U.S. stocks were mixed Friday, with the Dow Industrials the weakest of the major market averages, losing 0.6% on the day, which tipped it into negative territory (-0.5%) for the week. The S&P 500 and NASDAQ had better days (-0.2% and +0.4%, respectively) and better weeks (+1.1% for both), while small and mid-cap stocks were at the head of the pack for both periods, suggestive of a bit less risk aversion on the part of U.S. equity investors. Financial stocks were Friday’s best S&P 500 sector, gaining 0.4%, while consumer staple stocks were laggards, losing 0.8%. Against the background of a disappointing Q4 GDP report, with consumer spending accounting for the shortfall, Friday’s market action showed nearly two decliners for every advancing consumer stock in the S&P 500; among the rest of the S&P 500 universe, gainers outnumbered losers.
Some of the bigger consumer stocks reported earnings on Friday. Given the headwinds of currency and commodity costs, one suspects that current Street estimates for S&P 500 companies may need to come still lower…
- Starbucks had a grande quarter, fuelled by growth in both U.S. and international same store sales. But its guidance for the current year was merely tall, i.e., below expectations. Operating margins are being impacted by higher commodity costs mainly coffee. Still, the company plans to open 300 net new stores in Asia, with almost half of them planned for China. At 17% to 20% projected earnings growth and 10% growth in revenues, Starbucks is on a growth trajectory as evidenced by its valuations.
- Procter & Gamble reported earnings that beat consensus although revenues were a slight miss. Higher commodity costs knocked down gross margins by about two percentage points. Revised guidance for fiscal year 2012 earnings: $4.00-$4.10 per share, down $4.15-$4.33, mainly on negative currency impacts.
- Altria, the cigarette and tobacco giant, also reported numbers that beat on revenues and earnings led by higher cigarette prices. The smokeless tobacco segment continues to grow with volume growth in high single digits and improved pricing. While less immune to economic factors, its premium Marlboro branded cigarettes saw a decline in market share as smokers move to less expensive brands. Discount cigarette volumes and market share meanwhile increased. Unlike Starbucks and Procter & Gamble, Altria gave guidance for the full year above expectations.
Fourth-quarter U.S. GDP increased at a 2.8% annual rate, an improvement on the third quarter’s 1.8% but short of the consensus estimate of 3%. What’s more, final sales – GDP not counting the change in business inventories – increased at only a 0.8% annual rate. Consumer spending rose 2.0%, against forecasts of 2.4%, which suggests that after Black Friday and Cyber Monday, holiday sales were nothing special. The University of Michigan’s consumer sentiment index rose from 70 in December to 75 in January, the latter reading being the highest in almost a year.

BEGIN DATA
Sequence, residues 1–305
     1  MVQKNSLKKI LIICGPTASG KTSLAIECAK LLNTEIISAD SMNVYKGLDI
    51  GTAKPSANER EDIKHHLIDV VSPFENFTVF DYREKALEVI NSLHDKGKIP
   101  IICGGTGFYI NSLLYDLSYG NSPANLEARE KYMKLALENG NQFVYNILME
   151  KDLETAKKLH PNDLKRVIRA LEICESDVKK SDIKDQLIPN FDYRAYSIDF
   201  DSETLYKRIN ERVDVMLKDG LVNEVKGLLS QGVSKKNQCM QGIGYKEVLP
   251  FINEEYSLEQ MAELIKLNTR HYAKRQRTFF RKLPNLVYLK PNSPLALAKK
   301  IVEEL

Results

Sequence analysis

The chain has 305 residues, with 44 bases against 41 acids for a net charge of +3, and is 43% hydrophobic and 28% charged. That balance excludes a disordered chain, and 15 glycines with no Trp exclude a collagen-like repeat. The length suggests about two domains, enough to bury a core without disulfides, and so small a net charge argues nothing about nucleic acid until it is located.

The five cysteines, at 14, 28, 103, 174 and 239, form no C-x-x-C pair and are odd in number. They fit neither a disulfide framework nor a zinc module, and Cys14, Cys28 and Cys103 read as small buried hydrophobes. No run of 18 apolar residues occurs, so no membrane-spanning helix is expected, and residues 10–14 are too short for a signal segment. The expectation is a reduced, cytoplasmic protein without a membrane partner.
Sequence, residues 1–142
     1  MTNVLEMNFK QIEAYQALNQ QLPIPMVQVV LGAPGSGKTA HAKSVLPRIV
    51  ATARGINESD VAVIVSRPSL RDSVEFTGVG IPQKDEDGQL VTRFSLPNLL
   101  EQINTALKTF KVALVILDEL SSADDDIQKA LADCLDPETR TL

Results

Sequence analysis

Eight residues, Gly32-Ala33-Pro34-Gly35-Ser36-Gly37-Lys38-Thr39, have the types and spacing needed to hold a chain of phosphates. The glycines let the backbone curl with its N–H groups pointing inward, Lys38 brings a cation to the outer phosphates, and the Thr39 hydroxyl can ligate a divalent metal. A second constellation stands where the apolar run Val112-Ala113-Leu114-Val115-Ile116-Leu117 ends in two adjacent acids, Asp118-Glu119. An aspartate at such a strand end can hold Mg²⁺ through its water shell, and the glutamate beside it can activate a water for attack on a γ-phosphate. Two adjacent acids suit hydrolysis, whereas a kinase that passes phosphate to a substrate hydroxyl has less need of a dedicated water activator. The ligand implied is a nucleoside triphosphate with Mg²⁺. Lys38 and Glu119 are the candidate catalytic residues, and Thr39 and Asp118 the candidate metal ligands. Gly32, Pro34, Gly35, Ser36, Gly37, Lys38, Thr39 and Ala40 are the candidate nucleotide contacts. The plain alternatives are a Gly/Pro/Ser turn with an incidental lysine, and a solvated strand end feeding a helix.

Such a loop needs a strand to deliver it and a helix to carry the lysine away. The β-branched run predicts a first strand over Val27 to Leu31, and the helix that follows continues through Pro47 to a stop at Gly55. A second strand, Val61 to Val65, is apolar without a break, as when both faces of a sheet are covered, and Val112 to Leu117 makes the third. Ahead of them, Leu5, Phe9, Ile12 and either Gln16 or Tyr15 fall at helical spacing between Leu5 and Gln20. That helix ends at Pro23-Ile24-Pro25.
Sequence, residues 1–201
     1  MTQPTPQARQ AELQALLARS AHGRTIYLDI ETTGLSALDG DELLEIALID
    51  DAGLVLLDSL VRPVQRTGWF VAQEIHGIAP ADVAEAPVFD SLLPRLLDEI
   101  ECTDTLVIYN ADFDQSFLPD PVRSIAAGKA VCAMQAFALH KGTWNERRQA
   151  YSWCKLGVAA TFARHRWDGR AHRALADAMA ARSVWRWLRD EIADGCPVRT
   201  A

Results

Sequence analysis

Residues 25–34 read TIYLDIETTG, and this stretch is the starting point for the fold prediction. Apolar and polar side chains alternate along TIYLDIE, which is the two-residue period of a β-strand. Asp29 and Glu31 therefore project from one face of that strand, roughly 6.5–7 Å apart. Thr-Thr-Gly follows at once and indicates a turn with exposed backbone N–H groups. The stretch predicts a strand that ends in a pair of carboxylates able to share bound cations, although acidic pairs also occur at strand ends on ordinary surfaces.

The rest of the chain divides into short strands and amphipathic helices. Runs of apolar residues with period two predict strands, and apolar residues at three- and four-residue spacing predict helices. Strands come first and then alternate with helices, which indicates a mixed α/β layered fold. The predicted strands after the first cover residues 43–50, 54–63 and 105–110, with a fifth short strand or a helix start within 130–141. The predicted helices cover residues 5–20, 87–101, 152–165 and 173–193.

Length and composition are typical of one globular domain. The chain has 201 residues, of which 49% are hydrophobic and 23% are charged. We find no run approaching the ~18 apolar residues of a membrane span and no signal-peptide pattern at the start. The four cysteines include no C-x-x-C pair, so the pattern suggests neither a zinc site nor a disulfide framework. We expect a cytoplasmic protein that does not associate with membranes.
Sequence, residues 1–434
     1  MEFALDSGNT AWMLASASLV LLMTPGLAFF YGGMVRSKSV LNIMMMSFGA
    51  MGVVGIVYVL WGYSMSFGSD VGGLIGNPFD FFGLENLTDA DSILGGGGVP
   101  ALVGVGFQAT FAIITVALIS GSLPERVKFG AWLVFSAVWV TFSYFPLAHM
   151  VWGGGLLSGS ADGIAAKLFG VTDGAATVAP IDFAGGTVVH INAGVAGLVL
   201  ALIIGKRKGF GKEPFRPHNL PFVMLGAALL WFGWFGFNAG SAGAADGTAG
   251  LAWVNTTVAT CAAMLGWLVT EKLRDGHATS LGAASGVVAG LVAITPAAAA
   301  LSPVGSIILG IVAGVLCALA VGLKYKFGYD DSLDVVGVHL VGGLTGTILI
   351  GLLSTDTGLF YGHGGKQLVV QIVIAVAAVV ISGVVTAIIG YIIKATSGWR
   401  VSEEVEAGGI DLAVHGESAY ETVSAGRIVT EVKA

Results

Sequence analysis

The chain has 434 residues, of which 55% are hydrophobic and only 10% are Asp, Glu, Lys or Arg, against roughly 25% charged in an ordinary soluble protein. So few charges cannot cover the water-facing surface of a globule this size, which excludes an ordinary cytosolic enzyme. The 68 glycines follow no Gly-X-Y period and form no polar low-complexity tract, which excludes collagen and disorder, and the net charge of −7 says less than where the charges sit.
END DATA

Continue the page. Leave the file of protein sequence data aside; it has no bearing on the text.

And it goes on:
U.S. Treasury bond yields fell for a third day in a row on Friday, with the 10-year settling at 1.90%. While European stocks lost ground today, the Euro bond markets rallied along with the U.S. bond market, as yields as well as spreads against German bunds came down nicely. The euro rallied throughout the day Friday and closed at $1.322, highest since early December; it might be closer to the truth to say the dollar weakened (on the softer GDP report), since the dollar also declined 1% against the yen on the day. Monday brings the Commerce Department report on personal income and spending in December, which should provide more telling indications on the direction of consumer spending trending into the first quarter.
A few reports/dates/facts/links worth paying attention to over the next week:
- January 30: January 30: Euro-zone Confidence Indexes for January; U.S. Personal Income and Consumer Spending for December.
- January 31: S&P/CaseShiller Home Price Indexes for 20 U.S. cities for November.
- January 31: Conference Board’s Consumer Confidence Index for January.
Copyright © 2012 by Wright Investors’ Service, Inc. The views expressed in this blog reflect those of Wright Investors’ Service, Inc. and are subject to change. Statements and opinions therein are based on sources of information believed to be accurate and reliable, but Wright Investors’ Service, Inc. makes no representations or guarantees as to the accuracy or completeness thereof. These views should not be relied upon as investment advice.